Other AJAX Libraries

Other AJAX Libraries

In addition to ASP.NET AJAX, many third-party AJAX libraries are available that can be used with ASP.NET, although not all of them were specifically designed for it. Some are mostly focused on providing JavaScript libraries for use from within the browser to make manipulation of the browser DOM (Document Object Model) easier. Others include some level of server functionality for use within ASP.NET pages (where server controls will render on the client side). This section briefly highlights some of what these libraries offer. The ASP.NET AJAX Framework can coexist with script and controls from other libraries, although given the dynamic nature of the JavaScript language, it is possible to extend types so that they conflict with each other. Mixing and matching libraries might work just fine for many uses, but you might find conflicts in other cases.

  • Ajax.NET Professional: Michael Schwartz developed Ajax.NET Professional as a tool primarily used to simplify the data transport mechanism that enables a client JavaScript routine to communicate with a server program. The server code is simple to use: You merely need to register the control in your page and decorate some code-behind methods with attributes to designate which ones can be called from the client. Then you can leverage the script library to make the calls and pass data. This is intended for developers who are well versed with DHTML, and there aren’t many prebuilt visual controls. This is a lightweight solution with very little overhead in terms of bytes transferred and processing cycles needed on the client and server. The source code is available, and the package is free (http://www.ajaxpro.info).

  • Anthem.NET: Anthem.NET is a SourceForge project where users are able to download the sources to the project. It targets ASP.NET 1.1 and ASP.NET 2.0. It has a set of server controls that use their underlying JavaScript library to communicate with the server. They provide the ability to access the state of controls on the page during an asynchronous callback. At the time of writing, the Anthem.NET web page (http://anthem-dot-net.sourceforge.net) points out that the Anthem.NET user needs to be an experienced ASP.NET developer to get the most out of it. However, this is generally easier to use than Ajax.NET Professional, especially for developers who aren’t well-versed in DHTML. This project is similar to ASP.NET Ajax in many ways but isn’t as comprehensive.

  • DoJo: The DoJo toolkit can be found at http://dojotoolkit.com. It is a client-side library for AJAX development without ties to any server technology. DoJo has a type system for JavaScript and a function for binding script to events from JavaScript objects or DHTML elements. One of its strengths is rich support for dynamic script loading. You can specify dependencies and ordering in the way that scripts are retrieved and processed.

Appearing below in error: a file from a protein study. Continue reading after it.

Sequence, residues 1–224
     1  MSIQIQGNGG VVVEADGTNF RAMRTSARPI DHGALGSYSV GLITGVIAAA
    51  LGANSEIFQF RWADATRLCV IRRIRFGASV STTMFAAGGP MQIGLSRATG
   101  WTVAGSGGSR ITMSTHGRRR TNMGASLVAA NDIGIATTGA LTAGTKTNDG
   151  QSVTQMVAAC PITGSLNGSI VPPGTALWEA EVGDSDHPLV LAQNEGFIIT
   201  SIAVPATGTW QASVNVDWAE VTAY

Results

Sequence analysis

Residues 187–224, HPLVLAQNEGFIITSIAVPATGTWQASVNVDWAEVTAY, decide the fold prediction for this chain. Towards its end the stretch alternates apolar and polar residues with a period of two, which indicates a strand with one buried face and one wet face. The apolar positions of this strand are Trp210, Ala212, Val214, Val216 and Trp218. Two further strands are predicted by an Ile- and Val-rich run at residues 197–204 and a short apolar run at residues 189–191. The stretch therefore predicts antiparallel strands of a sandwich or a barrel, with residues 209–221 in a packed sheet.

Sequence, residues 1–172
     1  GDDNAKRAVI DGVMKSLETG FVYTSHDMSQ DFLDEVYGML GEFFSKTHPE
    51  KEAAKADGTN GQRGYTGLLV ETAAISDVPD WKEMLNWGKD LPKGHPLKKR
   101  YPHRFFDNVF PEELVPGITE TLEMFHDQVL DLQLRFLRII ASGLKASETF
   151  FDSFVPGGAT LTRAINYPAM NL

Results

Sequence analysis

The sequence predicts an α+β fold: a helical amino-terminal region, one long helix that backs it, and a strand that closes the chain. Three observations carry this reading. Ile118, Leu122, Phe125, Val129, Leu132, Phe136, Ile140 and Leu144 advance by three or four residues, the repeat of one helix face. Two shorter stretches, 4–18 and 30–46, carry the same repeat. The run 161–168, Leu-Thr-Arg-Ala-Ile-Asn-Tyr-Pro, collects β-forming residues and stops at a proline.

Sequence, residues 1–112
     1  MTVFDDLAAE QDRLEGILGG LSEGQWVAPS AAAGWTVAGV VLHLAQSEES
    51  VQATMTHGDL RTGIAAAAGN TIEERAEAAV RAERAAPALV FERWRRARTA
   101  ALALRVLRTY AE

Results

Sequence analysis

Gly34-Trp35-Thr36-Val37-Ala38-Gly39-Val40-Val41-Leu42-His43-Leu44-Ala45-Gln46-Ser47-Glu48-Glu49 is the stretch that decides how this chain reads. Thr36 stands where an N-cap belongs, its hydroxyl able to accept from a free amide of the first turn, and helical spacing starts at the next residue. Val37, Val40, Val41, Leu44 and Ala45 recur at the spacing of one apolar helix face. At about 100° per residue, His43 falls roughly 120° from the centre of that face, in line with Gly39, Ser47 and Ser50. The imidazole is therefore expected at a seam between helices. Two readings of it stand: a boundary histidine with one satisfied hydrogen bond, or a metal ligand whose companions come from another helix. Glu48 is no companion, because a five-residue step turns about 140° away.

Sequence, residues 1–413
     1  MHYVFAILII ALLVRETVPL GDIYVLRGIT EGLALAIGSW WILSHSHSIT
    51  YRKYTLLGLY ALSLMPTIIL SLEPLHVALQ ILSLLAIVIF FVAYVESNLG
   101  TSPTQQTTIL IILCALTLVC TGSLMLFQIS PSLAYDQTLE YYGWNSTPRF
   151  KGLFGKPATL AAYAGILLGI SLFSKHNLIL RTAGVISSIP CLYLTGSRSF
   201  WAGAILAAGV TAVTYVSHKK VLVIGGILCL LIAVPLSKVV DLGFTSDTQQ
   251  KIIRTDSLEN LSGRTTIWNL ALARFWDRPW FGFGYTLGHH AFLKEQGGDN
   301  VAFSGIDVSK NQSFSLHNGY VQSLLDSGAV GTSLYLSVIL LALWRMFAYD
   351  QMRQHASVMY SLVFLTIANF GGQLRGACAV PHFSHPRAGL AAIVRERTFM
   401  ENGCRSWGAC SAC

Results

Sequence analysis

• Prototype: The Prototype script library is available at http://prototype.conio.net. It does not target any server technology for integration. It has a type system for scripting in a more object-oriented way, along with some shortcut syntaxes for dealing with JavaScript arrays as well as accessing and manipulating HTML elements on the page. Prototype provides networking functionality and a method for automatically updating an HTML element with the results of an HTTP request when given a URL. The Prototype library also has functions for associating script objects and methods with DOM objects and events. The library is focused on simplifying tasks that can be cumbersome and tedious. It doesn’t provide much help for producing a richer user interface but puts forth the building blocks for an improved web-scripting experience.

  • Script.aculo.us: The Script.aculo.us library can be found at the website of the same name: http://script.aculo.us. Their tagline is “it’s about the user interface, baby!” which accurately describes their focus. Script.aculo.us is built on top of the Prototype library and picks up where it stops. It includes functionality for adding drag-and-drop support to an application. It has a lot of effects code for fading, shrinking, moving, and otherwise animating DOM elements. Script.aculo.us also has a slider control and a library for manipulating lists of elements.

  • Rico: The Rico library also builds on top of the Prototype system. It has support for adding drag-and-drop behavior to browser DOM elements. It also has some controls to bind JavaScript objects to DOM elements for manipulating data. Rico has constructs for revealing and hiding portions of a page using an accordion style. It also has animation, sizing, and fading effects prebuilt for easier use. These UI helpers are available at http://openrico.org.